HAGERSTOWN – The streets of this 230-year-old town in the heart of Washington County are humming with more people and cars than ever.
With just one parking garage to accommodate the growing number of commuters, cars line up bumper-to-bumper on the side of the narrow one-way streets to wait for spaces.
But Lt. Douglas W. Mullendore, Washington County Sheriff’s Office patrol commander, has more important things to worry about than directing traffic.
As the number of people and cars have swiftly grown in this 131,923- population county squeezed between West Virginia and Pennsylvania, so have the number of car thefts.
Car thefts in Washington County grew by 70 percent between 1994 and 1999, according to a Capital News Service analysis of Maryland Vehicle Theft Prevention Council statistics.
While its number of vehicle thefts still pales in comparison to the Baltimore and Washington metropolitan areas, an understaffed Washington County police force is struggling to fight a crime that has been increasing since 1989.
The council – which posts State Police Uniform Crime Report statistics for stolen cars on its Web site – has helped the Baltimore region tackle its theft problem with several grants, and has been successful.
More than half of the state’s 38,194 car thefts in 1994, the peak year in the state, were committed in Baltimore City and County. But council grants and a regional task force created in 1995 cut that rate to 39 percent of the state total in 1999.
Meanwhile, Washington County, which has seen its number of car thefts grow from 152 in 1994 to 258 in 1999, is in need of help, Presley said.
The Sheriff’s Office will use a $500 council grant it received this year to run cable ads telling people to take their car keys with them when they leave their vehicles, Mullendore said.
There won’t be any Baltimore-style task forces created in Washington County anytime soon, however, Mullendore said, because crime in the county is not focused in a particular area.
“It’s so random that we can’t draw any conclusions,” he said.
Education may help, since a quarter of car thefts in the state stem from drivers who leave their car keys in the ignition or somewhere inside the vehicle, local and state police officers say.
Two in 1,000 cars registered in Washington County were stolen in 1999, while only one in 1,000 were stolen in 1994.
Not only are cars getting stolen, the number of cars registered in the county has grown faster than its population.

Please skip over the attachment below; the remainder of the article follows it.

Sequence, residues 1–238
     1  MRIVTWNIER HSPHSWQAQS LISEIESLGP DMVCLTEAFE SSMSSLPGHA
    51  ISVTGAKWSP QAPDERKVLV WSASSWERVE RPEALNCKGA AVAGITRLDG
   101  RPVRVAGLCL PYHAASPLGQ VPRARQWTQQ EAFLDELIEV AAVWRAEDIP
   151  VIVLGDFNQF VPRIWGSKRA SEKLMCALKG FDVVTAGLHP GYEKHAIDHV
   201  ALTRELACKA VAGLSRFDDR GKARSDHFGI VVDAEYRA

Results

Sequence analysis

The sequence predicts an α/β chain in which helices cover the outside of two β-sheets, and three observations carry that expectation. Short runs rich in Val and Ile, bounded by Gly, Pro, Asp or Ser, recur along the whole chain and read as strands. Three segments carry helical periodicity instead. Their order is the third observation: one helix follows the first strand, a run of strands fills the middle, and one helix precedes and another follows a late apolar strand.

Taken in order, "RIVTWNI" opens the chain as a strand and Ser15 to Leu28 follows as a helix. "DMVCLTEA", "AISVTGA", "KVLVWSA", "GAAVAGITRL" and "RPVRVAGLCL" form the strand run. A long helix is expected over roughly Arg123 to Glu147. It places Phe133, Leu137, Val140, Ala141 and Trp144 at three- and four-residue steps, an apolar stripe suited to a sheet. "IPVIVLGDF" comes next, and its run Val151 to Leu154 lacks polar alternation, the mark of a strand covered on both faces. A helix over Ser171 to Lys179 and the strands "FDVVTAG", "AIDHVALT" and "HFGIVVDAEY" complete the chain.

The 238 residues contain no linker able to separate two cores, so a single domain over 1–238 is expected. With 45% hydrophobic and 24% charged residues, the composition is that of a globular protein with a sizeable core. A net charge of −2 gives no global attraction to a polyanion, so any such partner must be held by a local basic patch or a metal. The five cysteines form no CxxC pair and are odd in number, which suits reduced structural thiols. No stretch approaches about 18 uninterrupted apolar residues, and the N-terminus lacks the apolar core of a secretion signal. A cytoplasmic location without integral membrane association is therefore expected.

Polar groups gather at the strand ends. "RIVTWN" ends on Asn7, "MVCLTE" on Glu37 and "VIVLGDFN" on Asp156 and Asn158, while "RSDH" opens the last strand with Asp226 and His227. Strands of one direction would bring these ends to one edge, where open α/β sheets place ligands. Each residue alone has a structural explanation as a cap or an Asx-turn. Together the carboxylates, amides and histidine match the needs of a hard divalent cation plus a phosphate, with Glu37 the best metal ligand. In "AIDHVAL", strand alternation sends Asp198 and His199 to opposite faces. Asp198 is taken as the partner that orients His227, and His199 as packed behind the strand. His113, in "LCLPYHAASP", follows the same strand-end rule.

There were 113,412 vehicles registered in the county in 1999, according to Motor Vehicle Administration statistics – 15 percent more than in 1989. Meanwhile, Washington County’s population grew at a snail’s pace: by just 5 percent between 1990 and 1999, according to U.S. Census Bureau estimates.
Hundreds of shiny new cars fill car dealerships along crisscrossing Interstates 70 and 81 near Hagerstown.
But some car dealers are not worried about the county’s rise in car thefts.
Larry Crowe, manager of Younger’s Used Vehicles, said only two cars have been taken from his lot in the 10 years he worked there.
“It’s not a problem,” Crowe said. “We’re happy.”
But it’s not cars that have caught the attention of thieves lately.
All-terrain vehicles, or ATVs, are the latest craze for thrill seekers, said Jim Nelson, a sales representative for Twigg Cycles Inc. in Hagerstown.
While the $1,800 to $8,000 vehicles have been used in Washington County as farming vehicles since the 1970s, a surge in thefts of these four-wheeled motorcycles – which are reported in police statistics with city vehicles – has plagued the county recently, Mullendore and Nelson said.
ATVs easily can disappear, Nelson said, since the vehicles, which can float on water, are built to drive through woods and unpaved roads, making it difficult for police to catch thieves.
But most thieves are just seeking cheap thrills and abandon the four- wheelers in the middle of nowhere, Nelson said.
“The problem is they’re being stolen right off people’s (property),” Nelson said. “They’re getting stolen left and right.”